Many retiring federal employee with a Federal Employee Health Benefit plan (FEHB) plan are unsure whether they should enroll in Medicare Part B once they leave federal service.
Medicare Part B provides insurance for physician and outpatient services. Your FEHB plan has covered these services in the past and will continue to be so even after becoming Medicare eligible.
Medicare Part B has a monthly premium of $144.60/month premium (2020 rate). But if your adjusted gross income is greater than $87,000 (single) or $174,000 (joint), you may be required to pay a surcharge that increases the monthly premium.
So, how do you decide whether to sign up for Part B given the additional cost?
One approach is to compare the annual Part B premium with the potential out-of-pocket costs you could incur under your FEHB plan. Use the following three steps:
- Figure out your annual Medicare Part B premium.
- Determine your FEHB out of pocket cap. This is the most you’ll pay in any one year for co-pays and other cost sharing but not the monthly premium.
- Compare the two numbers. It doesn’t make sense to enroll in Part B if the annual Medicare Part B premium exceeds the out-of-pocket cap. But if its the other way around, you’ll look at your health status.
Medicare is the federal government’s health insurance program for people who are 65 or older. It also covers certain younger people with disabilities, and people with End-Stage Renal Disease (permanent kidney failure requiring dialysis or a transplant, sometimes called ESRD).
Medicare has two basic options: Original Medicare or a Medicare Advantage Plan (a Medicare Health Maintenance Organization (HMO)).
Federal employees should stick with Original Medicare. I don’t recommend getting out of your FEHB plan and using a Medicare Advantage Plan.
Original Medicare includes Medicare Parts A and B, which are fee-for-service plans. Medicare fee-for-service means you can receive services from any physician, hospital, or clinic that accepts Medicare (which most do). You can also purchase a private Part D plan that covers prescription drugs.
Most federal employees with an FEHB plan will sign up for Part A (hospitalization). Part A does not have a monthly premium. Part A includes coverage for inpatient hospitalization, some skilled nursing care (but not long-term care), hospice, and home health care. It doesn’t cover the physicians you see in the hospital however. You need Part B for that.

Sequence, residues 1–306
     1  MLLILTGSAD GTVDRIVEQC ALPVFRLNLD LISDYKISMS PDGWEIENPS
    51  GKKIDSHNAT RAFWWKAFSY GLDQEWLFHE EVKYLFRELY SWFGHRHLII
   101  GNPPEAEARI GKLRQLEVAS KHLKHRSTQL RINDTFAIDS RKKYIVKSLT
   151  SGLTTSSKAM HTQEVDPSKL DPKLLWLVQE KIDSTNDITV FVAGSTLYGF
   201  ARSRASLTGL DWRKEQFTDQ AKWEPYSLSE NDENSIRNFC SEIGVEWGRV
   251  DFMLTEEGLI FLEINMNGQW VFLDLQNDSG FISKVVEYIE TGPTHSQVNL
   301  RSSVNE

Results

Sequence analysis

Most federal employee won’t purchase a prescription drug plan because they will keep their FEHB coverage. FEHB drug coverage is better than standalone Part D prescription drug plans.
The question is whether to sign up for Part B which covers physician services, other health care professionals such as physical therapy and podiatrists, and outpatient services.
You’ll want to compare the costs of Medicare Part B with the out-of-pocket cap in your FEHB plan to help you decide the answer.
Step 1: Determine your annual Part B premium cost
The Part B monthly premium is $144.60 (2020 rate).
If your adjusted gross income exceeds $174,000 (joint) then you will have to pay a Part B premium surcharge. Medicare assesses the surcharge based on your income from two years earlier (e.g., the surcharge you pay in 2020 will be based on your 2018 adjusted gross income). The bullets below show the premium for various adjusted gross income levels.
- Below $174,000 = $144.60
- $174,001 – $218,000 = $202.40
- $218,001 – $227,000 = $289.20
- $272,001 – $326,000 = $376.00
- $326,001 – $750,000 = $462.70
- Above $750,000 = $491.60
For example, if you adjusted gross income is $200,000 then your monthly premium will be $202.40/month or 2,428.80/year.
Step 2: Determine the out-of-pocket cap for your FEHB plan
Every FEHB plan has an out of pocket cap. Sometimes the out-of-pocket cap is called the catastrophic cap. This amount is the most you’ll pay under the plan for services covered by the plan. These are your co-pays, co-insurance and other charges. It doesn’t include your premium. For example, the Blue Cross Blue Shield basic option (Plan 111 see page 33) has a $5,500 out-of-pocket cap for a self-only policy if you use preferred providers. This means the most you’ll pay in co-pays, coinsurance is $5,500/year for preferred providers.
You should have a plan summary document that lists the annual out-of-pocket cap.
Step 3: Compare the annual Part B premium to the out-of-pocket cap.
In our example, compare the Medicare Part B premium of $2,428.80 to the out-of-pocket cap of $5,500. You know you’ll pay the Medicare Part B premium but you may not have enough expenses to come up to the out-of-pocket cap each year. It’s a best guess based on your health status and the potential for using services that could cost up to $5,500/year.
If you are in good health and don’t enroll in Part B, you can save the forgone Medicare Part B premiums and then use them for any co-pays should you have to pay them.
If you decide to sign up for Part B, then you may also want to lower your FEHB plan costs and go to a cheaper FEHB plan. You can change plans, even as a retiree, in the open enrollment period each year. There are a range of plans with various premiums and out-of-pocket caps.
One final point, if you don’t sign up for Part B within 8 months of retiring and you decide later to do so, then there is a 10%/year additional charge for signing up late.
I don’t know if there is a wrong answer here but more of a comfort level. Some folks like to make sure their health care is fully insured while others are okay with a little less coverage (e.g., no Part B) because they have sufficient assets to make up any shortfall should they need services.
Its your decision but consider your FEHB plan’s out-of-pocket cap in your decision making.